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Re: Navigation to Alternate HTML for Screen Readers

From: David Poehlman <poehlman1@home.com>
Date: Sat, 6 Oct 2001 18:09:46 -0400
Message-ID: <001601c14eb3$9c54cc00$2cf60141@mtgmry1.md.home.com>
To: "Jim Ley" <jim@jibbering.com>, <w3c-wai-ig@w3.org>
Thanks for this jim!
It cannot be stressed too strongly...

quote-There are a number of areas that I see cover it.  If you use
HTML4.01, and
follow the WAI guidelines, there aren't any situations that I can see
where an "aural, braille" alternative page can be warranted, HTML4.01
has
sufficient mechanisms in it to make the page accessible to that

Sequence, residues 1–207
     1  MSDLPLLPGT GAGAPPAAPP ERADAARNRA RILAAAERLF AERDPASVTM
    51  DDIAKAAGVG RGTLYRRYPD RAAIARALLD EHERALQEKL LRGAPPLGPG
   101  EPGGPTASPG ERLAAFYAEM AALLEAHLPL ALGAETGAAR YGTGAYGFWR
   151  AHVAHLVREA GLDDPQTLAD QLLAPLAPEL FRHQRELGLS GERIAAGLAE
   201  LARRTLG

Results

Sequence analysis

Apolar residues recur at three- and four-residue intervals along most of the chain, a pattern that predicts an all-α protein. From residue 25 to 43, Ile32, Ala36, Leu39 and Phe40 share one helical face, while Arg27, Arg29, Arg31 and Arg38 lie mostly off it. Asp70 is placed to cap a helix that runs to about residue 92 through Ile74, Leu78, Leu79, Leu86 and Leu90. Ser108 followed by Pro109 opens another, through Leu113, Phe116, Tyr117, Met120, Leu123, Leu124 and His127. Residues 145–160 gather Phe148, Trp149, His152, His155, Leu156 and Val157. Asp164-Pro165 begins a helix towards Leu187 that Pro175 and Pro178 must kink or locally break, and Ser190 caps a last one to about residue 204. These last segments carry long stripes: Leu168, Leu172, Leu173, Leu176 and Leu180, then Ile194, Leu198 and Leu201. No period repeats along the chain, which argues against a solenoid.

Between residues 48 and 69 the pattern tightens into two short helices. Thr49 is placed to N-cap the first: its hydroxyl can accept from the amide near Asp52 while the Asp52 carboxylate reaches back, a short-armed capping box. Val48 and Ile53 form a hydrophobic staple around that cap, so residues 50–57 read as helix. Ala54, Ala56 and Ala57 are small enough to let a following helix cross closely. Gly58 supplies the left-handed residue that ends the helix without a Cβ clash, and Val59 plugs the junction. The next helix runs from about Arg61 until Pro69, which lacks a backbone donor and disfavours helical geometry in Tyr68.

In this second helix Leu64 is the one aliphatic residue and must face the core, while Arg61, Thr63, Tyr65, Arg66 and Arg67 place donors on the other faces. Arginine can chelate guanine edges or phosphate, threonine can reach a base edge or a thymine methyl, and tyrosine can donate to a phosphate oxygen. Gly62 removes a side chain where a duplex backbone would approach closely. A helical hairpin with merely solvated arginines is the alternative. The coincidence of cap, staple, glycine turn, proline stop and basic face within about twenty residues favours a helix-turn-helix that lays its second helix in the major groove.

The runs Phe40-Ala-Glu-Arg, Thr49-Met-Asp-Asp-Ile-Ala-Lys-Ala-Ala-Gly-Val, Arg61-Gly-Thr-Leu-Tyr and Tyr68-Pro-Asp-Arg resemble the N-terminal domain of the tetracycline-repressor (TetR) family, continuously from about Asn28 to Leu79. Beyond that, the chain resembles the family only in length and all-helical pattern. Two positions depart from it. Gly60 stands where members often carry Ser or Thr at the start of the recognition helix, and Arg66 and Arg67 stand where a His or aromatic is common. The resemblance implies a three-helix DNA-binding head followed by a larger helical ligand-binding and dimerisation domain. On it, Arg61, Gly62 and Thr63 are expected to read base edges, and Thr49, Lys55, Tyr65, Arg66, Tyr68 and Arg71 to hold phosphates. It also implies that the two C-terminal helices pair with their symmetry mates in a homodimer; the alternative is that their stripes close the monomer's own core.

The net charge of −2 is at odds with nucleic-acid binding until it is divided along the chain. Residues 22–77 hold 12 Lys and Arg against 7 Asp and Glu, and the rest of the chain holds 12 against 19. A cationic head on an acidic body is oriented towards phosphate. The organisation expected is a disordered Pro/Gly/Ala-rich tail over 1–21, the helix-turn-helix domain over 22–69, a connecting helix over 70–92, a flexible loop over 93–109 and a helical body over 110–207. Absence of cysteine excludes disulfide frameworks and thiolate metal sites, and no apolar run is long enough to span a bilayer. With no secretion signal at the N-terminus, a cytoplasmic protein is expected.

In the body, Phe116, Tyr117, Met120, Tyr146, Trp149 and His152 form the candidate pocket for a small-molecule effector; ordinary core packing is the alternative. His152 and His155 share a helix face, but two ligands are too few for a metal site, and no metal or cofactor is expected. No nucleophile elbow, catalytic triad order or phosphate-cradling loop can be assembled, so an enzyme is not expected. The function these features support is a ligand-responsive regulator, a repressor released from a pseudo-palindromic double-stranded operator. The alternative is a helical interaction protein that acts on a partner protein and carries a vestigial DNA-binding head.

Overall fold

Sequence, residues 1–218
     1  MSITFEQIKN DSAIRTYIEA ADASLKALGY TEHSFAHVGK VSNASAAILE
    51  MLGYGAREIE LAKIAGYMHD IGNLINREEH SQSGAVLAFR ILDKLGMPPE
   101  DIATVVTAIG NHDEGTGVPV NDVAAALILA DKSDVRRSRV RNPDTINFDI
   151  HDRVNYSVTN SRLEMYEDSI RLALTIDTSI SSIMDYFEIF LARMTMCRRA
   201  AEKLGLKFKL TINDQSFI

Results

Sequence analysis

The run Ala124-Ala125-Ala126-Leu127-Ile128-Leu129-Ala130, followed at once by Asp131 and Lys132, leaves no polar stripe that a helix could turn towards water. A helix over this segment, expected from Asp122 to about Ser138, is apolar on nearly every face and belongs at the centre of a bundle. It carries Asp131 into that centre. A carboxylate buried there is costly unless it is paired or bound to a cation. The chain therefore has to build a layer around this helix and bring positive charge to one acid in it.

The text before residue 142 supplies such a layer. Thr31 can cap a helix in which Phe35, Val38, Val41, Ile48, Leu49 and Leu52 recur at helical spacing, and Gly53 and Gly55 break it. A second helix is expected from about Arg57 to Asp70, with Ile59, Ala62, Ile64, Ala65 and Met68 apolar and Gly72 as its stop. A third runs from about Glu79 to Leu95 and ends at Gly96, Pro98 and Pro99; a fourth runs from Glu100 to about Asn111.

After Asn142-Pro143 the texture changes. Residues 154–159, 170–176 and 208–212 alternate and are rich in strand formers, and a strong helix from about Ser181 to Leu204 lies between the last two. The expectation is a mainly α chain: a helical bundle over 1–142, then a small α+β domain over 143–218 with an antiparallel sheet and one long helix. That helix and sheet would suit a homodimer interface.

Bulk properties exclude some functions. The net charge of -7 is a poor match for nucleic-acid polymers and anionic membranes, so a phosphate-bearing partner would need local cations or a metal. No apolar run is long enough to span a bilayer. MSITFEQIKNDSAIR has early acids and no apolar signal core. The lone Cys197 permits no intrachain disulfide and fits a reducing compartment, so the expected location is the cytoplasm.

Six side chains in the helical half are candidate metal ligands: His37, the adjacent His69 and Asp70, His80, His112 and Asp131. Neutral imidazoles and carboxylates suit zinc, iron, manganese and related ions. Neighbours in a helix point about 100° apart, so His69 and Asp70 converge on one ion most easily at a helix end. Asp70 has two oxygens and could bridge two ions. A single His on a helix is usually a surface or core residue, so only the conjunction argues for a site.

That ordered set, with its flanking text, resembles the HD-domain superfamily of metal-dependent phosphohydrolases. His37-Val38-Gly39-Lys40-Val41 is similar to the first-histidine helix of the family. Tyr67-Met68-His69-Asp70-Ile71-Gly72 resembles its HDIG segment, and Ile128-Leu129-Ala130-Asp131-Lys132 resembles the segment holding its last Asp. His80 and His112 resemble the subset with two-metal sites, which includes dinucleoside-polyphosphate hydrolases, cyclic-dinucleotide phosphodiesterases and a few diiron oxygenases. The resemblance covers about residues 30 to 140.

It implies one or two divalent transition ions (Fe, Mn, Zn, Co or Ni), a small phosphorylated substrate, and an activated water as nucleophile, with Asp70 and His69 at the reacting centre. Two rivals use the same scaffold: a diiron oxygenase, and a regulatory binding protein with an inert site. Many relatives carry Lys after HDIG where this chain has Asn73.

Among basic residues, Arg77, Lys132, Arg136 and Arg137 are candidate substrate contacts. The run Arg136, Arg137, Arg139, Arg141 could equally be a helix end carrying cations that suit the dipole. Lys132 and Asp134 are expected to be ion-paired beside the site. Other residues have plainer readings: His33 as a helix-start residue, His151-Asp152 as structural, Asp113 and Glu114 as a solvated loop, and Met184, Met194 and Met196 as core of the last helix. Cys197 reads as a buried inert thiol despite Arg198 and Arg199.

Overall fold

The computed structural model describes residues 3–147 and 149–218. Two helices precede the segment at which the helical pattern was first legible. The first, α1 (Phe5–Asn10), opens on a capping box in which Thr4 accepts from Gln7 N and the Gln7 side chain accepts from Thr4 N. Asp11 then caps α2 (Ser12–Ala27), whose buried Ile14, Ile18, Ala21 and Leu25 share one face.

audience.
If that page is not accessible then you've failed to use the technology
properly.

Outside of HTML, alternate representations obviously have their uses,
but
outside of HTML we don't have the LINK object to provide the alternate
representations, and if they were embedded in the page, we can use
standard HTML to present the alternate content.

I believe it should discouraged not only because of the maintenance
issue,
but also simply because it's only used by authors who have categorised
accessibility, i.e. they've made the page content available to screen
readers, when it would've been better if they'd made the content
accessible.

Jim
Received on Saturday, 6 October 2001 18:09:53 GMT

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